Inaugural weather can be d'icey
Washington DC may be a southern city, but it's not always the best place to hold an outdoor event in mid-January. With the second inauguration of President George W. Bush coming up next week, forecasters will be keeping a close eye on the developing forecast for Jan. 20. So far next week is looking sunny and cold, with highs in the 30s. But it can turn nasty.
Many of us remember the 1961 inauguration of President John F. Kennedy as an especially wintry one. Washington had received 8 inches of snow the night before, and by the time the festivities began it was 22 degrees, with stiff winds and wind chills below zero. Everyone worried when Kennedy showed up without a hat. Franklin Roosevelt's 1937 inauguration fell on a day that saw 1.77 inches of rain. FDR rode away in an open car with a half-inch of water on the floor.
Failure to dress properly for the inauguration had proven fatal more than once. William Henry Harrison was inaugurated in 1841, and rode back to the White House on horseback without his hat and coat. He caught a cold, then pneumonia, and he was dead in a month.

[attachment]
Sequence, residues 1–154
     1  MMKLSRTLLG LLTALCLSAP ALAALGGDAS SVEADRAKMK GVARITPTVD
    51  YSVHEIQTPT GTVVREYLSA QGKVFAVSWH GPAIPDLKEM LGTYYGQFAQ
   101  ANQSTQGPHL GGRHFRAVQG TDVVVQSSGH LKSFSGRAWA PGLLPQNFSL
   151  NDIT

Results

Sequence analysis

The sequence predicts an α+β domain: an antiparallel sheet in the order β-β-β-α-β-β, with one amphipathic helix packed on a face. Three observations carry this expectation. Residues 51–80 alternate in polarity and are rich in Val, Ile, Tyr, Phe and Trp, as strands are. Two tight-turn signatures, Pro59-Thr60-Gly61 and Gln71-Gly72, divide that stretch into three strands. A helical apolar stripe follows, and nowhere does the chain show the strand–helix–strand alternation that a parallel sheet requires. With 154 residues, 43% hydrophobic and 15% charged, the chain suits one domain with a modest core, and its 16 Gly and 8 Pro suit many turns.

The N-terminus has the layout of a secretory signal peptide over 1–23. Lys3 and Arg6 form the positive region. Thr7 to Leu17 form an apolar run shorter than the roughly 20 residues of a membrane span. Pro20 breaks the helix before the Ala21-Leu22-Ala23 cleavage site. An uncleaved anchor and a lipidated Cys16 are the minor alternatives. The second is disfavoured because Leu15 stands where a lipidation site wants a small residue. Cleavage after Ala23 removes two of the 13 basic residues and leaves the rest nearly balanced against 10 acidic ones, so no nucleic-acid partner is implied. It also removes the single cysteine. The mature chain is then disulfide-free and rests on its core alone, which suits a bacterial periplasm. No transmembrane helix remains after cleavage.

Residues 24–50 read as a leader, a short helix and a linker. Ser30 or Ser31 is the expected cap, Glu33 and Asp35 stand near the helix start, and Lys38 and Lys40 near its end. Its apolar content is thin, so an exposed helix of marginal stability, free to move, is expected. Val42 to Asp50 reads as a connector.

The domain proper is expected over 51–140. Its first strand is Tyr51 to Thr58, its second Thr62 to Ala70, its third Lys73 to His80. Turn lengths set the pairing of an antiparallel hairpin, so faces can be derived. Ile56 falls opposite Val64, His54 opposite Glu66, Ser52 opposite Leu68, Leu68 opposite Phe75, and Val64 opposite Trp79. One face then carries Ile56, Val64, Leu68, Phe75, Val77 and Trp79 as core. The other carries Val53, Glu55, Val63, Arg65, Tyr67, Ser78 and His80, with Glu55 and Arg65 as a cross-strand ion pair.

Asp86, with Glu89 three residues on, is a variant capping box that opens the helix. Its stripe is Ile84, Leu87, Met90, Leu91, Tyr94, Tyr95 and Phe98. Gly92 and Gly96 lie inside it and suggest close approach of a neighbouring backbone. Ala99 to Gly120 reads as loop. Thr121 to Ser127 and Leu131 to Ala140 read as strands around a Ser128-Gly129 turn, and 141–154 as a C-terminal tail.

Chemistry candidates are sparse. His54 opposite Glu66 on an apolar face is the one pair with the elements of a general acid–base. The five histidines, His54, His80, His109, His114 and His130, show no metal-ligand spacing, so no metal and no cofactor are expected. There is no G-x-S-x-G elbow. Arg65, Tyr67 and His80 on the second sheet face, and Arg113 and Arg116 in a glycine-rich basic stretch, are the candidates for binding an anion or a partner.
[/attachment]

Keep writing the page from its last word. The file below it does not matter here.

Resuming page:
And that was back when inaugurations were held on March 4 or 5. The date was switched to Jan. 20 by a constitutional amendment passed in 1932.
After the 1853 swearing-in of President Franklin Pierce, the outgoing first lady - Abigail Fillmore - caught cold. That, too, progressed to pneumonia, and she expired a month later.
The worst inaugural weather was probably that which greeted President William H. Taft in 1909. Washington got 10 inches of snow that day. The trains were stalled and the streets were clogged. Everybody went indoors for that one.
For all the inaugural weather lore you could ever want, click here. Thanks to the National Weather Service.